Saturday, July 6, 2013

Three American Revolutionary Shorts (Warner Bros., 1936-1939)

by Mark Gabrish Conlan • Copyright © 2013 by Mark Gabrish Conlan • All rights reserved

The night before, as part of the Fourth of July programming on TCM, Charles and I had watched three Warner Bros. shorts about the American Revolution, all originally shot in three-strip Technicolor but badly faded by now. The first, Give Me Liberty! (1936), cast John Litel as Patrick Henry and Nedda Harrigan (later Mrs. Joshua Logan) as his wife, who after their friend Randolph Peyton (Theodore Osborne) is arrested by British troops, who walk into the Henry home without a warrant and take him away for singing a pro-liberty song, extracts a promise from Henry not to speak out against George III. So Henry fails to use his oratorical gifts to rouse the Virginia House of Burgesses to support the revolutionists in Boston, despite the entreaties of George Washington (Robert Warwick) and Thomas Jefferson (George Irving), until his wife takes her seat in the chamber, winks at him to let him know she’s freeing him from the promise, and he delivers the famous “Give me liberty, or give me death!” speech. It’s an engaging little movie, effectively directed by action specialist B. Reaves “Breezy” Eason from a script by Forrest Barnes, but it suffers from John Litel’s limitations as an actor — surely, one wonders, they could have found, even on a shorts budget, someone more effective at playing a rhetorician!

In the next film, The Declaration of Independence (1938), Litel shifted to playing Thomas Jefferson and Charles L. Tedford wrote the screenplay for director Crane Wilbur — though the climax is an action scene of which Eason would have been proud. The rules of the Continental Congress required that each state delegation vote as a unit, and Jefferson, John Adams (Ferris Taylor), Benjamin Franklin (Walter Walker) and John Hancock (Henry Hall) want all 13 states to vote for it so it can be at least publicly unanimous. Only Delaware’s delegation is deadlocked because Caesar Rodney (Ted Osborne) is stuck in his home state — he’s dating the daughter of a Loyalist and his girlfriend’s dad is trying to get him arrested — and he has to go through a wild ride from Delaware to Philadelphia in order to cast the deciding vote for independence in time. Tedford’s script plays fast and loose with history — watching the scene in which Thomas Jefferson tries to include an anti-slavery plank in the Declaration and John Adams makes him take it out, you’d never guess that it was really Jefferson who was the slaveowner and Adams who wasn’t! — but though The Declaration of Independence may be lousy history it’s a nicely stirring piece of vest-pocket filmmaking.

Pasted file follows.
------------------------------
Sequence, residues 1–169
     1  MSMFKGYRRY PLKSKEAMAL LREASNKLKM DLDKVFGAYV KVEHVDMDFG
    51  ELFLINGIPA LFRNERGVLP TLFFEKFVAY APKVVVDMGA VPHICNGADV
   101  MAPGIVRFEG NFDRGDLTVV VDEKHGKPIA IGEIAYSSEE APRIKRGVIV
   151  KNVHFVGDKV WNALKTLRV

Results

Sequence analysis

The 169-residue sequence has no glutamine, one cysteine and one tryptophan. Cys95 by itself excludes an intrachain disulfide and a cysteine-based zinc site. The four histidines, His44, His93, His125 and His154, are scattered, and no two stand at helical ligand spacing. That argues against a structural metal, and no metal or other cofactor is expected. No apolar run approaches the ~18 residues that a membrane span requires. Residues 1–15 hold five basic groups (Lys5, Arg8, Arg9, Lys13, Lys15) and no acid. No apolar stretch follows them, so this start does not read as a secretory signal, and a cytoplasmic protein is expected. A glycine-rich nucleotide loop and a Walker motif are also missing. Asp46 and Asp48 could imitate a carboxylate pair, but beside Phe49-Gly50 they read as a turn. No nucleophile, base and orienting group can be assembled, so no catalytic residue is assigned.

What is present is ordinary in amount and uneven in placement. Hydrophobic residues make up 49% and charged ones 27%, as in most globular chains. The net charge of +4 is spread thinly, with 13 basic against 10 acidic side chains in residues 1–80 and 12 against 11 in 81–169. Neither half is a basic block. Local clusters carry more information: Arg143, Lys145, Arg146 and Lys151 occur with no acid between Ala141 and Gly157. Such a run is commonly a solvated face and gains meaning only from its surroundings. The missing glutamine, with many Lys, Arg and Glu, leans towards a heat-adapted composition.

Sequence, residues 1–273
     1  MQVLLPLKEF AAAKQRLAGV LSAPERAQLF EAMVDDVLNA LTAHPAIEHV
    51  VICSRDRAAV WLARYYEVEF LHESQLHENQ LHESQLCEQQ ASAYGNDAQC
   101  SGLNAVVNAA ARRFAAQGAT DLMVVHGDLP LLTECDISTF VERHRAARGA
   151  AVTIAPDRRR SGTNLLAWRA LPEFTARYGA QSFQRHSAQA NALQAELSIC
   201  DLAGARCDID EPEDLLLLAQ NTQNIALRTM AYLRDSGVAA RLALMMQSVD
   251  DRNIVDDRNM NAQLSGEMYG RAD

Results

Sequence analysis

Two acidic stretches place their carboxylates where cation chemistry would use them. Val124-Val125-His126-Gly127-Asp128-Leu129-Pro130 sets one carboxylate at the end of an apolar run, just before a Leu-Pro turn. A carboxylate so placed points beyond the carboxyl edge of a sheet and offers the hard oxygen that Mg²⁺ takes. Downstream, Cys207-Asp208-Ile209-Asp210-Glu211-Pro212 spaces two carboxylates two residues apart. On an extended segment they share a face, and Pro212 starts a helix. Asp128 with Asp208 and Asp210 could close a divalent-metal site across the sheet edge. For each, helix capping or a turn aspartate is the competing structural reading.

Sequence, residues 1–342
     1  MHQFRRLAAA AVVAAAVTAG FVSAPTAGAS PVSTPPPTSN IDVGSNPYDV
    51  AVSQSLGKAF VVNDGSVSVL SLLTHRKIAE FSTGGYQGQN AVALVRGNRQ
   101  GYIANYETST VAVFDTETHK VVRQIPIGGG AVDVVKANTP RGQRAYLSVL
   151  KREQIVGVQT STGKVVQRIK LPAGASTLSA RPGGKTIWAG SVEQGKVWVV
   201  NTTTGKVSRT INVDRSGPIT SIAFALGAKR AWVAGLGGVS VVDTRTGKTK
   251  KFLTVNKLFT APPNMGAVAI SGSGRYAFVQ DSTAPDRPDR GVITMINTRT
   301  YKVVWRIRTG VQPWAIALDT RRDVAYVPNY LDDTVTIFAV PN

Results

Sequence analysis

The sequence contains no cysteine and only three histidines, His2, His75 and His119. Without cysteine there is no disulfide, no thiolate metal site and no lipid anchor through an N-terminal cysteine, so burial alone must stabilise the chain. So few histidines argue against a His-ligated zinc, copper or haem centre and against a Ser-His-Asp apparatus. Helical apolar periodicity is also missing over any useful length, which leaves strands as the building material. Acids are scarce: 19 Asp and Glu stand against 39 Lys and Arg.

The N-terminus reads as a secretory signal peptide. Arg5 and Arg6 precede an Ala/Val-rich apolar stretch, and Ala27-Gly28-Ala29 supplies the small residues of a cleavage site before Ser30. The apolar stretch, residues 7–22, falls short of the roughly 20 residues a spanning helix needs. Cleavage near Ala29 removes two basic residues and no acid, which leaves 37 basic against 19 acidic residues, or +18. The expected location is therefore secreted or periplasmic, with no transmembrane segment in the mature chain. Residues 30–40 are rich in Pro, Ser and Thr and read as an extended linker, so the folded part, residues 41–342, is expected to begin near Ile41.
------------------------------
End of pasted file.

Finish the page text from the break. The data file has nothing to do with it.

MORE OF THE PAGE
The third short in the series, Sons of Liberty (1939), was quite the best, mainly because it had a “name” director (Michael Curtiz) and a “name” star (Claude Rains — three years later they’d work together again in Casablanca) as well as the most unusual story. It was basically the plot of The House of Rothschild transposed to the American Revolution: Jewish merchant and financier Haym Solomon (Claude Rains) is a close associate of Sons of Liberty founder Alexander McDougall (Donald Crisp). When the British seize New York and McDougall flees, Solomon remains behind and secretly funnels money to the revolutionaries. By 1781 the revolution is on its last legs at Yorktown and George Washington (Montagu Love) tells Solomon that only a last-minute infusion of cash can save the rebel cause. Solomon raises the money from his Jewish friends — at one point breaking up a religious service on the Sabbath, complete with cantor (after The Jazz Singer Warner Bros. had a reputation for putting cantors on screen) — and after a stirring chase scene in which the carriage containing the cash is chased by British troops but manages to outrun them long enough for revolutionary soldiers to ambush them, Washington gets the money, the U.S. wins its independence and Solomon is at peace, only he dies four years later. It’s a neatly done movie that benefits from an “A”-list star and director, and it also helps that Haym Solomon’s story isn’t as mind-numbingly familiar a piece of American historiography as Patrick Henry’s or Thomas Jefferson’s. It was also interesting to see the revolutionary government’s finance minister Robert Morris (Moroni Olsen) right after reading an argumentative column in the Los Angeles Times that argued that conservatives like him were key to winning the Revolution — it wasn’t just anti-religious rabble-rousers like Thomas Paine, who was driven out of the country and fled to revolutionary France (one could make a case for Paine as the Edward Snowden of his time!).